Native American Heritage

Navigating Record Group 75

Records created by the Bureau of Indian Affairs (BIA) document the U.S. federal government’s interaction with American Indians.

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Chemawa Indian School Baseball Team, 1939

Though administrative in nature, the records can include:

  • Account ledgers
  • Applications
  • Case files
  • Censuses
  • Correspondence
  • Enrollments
  • Estate cards
  • Issuances
  • Leases
  • Photographs
  • Reports
  • Resolutions and more
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Native Americans from Southeastern Idaho, ca. 1897

These records can provide information regarding:

  • Agricultural work
  • Agriculture
  • Birth
  • Buildings
  • Conservation
  • Divorce
  • Education
  • Employees
  • Employment
  • Equipment and supplies
  • Health
  • Indian allotments
  • Inheritance
  • Law enforcement
  • Leases
  • Marriage
  • Property
  • Trade agreements and more

Locating specific records can be tricky, due to the continual changes in reservations, tribes, and geographic areas. In many instances, tribal records are split between National Archives (NARA) offices and affiliated archives. Given the complexity of BIA records, this research tool was created to help identify the locations of agency, office, and school records within NARA. More specific information relating to our records can be found by contacting the NARA facility listed in parentheses next to each agency, office, or school. Additional resources can be identified using our National Archives Catalog.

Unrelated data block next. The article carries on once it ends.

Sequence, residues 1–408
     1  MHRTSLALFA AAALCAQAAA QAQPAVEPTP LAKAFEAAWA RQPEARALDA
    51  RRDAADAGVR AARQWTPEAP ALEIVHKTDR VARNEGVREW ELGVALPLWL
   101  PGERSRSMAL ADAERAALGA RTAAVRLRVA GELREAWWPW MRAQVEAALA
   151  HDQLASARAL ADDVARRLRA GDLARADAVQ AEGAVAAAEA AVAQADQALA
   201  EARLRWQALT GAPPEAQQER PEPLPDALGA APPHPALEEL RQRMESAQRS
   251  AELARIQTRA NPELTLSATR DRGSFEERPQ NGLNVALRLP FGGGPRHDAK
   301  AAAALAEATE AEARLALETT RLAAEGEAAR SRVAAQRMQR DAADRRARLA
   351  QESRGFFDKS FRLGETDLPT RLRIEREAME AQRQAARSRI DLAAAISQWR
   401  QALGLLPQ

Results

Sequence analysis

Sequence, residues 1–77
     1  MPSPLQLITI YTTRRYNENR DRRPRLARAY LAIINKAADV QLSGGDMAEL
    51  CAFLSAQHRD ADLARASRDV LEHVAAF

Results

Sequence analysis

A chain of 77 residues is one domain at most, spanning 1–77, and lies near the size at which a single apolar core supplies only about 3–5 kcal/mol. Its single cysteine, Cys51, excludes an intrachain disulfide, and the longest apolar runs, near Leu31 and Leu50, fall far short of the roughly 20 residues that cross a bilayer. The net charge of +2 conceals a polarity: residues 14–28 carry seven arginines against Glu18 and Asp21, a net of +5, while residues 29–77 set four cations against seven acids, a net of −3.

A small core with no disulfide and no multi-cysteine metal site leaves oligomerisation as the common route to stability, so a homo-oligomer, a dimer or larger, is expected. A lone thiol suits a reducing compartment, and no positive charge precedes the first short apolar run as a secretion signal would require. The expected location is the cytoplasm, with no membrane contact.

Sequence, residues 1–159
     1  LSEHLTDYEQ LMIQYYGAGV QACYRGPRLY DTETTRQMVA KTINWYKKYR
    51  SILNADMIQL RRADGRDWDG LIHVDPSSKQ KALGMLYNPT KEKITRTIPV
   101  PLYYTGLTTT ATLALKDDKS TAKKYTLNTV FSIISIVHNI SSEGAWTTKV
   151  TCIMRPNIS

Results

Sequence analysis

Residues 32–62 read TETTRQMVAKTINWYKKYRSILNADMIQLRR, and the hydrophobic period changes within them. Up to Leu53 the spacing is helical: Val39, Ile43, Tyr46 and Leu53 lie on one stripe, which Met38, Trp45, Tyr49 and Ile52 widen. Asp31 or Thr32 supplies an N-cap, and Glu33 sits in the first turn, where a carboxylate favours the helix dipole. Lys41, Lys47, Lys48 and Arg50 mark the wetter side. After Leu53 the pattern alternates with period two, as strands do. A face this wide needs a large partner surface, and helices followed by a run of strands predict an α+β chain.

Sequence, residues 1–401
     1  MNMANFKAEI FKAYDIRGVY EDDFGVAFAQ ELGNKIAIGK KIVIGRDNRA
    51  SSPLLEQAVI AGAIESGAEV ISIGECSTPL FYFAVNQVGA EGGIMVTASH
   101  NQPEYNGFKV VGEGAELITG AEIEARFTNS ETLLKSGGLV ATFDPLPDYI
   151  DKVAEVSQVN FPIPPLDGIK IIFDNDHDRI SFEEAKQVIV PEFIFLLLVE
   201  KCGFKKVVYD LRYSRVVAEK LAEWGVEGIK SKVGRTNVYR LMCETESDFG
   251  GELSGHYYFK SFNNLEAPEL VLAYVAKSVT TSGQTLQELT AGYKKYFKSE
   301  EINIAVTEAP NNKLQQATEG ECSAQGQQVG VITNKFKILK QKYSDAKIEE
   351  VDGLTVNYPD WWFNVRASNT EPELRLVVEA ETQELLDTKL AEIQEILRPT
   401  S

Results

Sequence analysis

If you are having difficulty finding information in this guide related to your research, please contact the National Archives with the nature and scope of your research question, your name, and your personal email address and phone number.

About this Navigational Resource

NARA staff throughout the country compiled this resource to better direct researchers to the appropriate NARA facility or affiliated archives. It is arranged geographically by state and thereunder by tribe or band. Under each entry for a tribe or band is a list of the BIA offices that had a jurisdictional relationship with that tribe, and which NARA office holds records. When it is available, the corresponding office or agency is hyperlinked to the National Archives Catalog; each of these agencies and offices can be associated with multiple descriptions and series in the National Archives Catalog.

It has been impossible to include the name of every subagency and special agency. The most significant omissions are the agencies and subagencies established during the early years of a superintendency, when agents were moved about without permanent assignments to a particular tribe or locality.

Additional Resources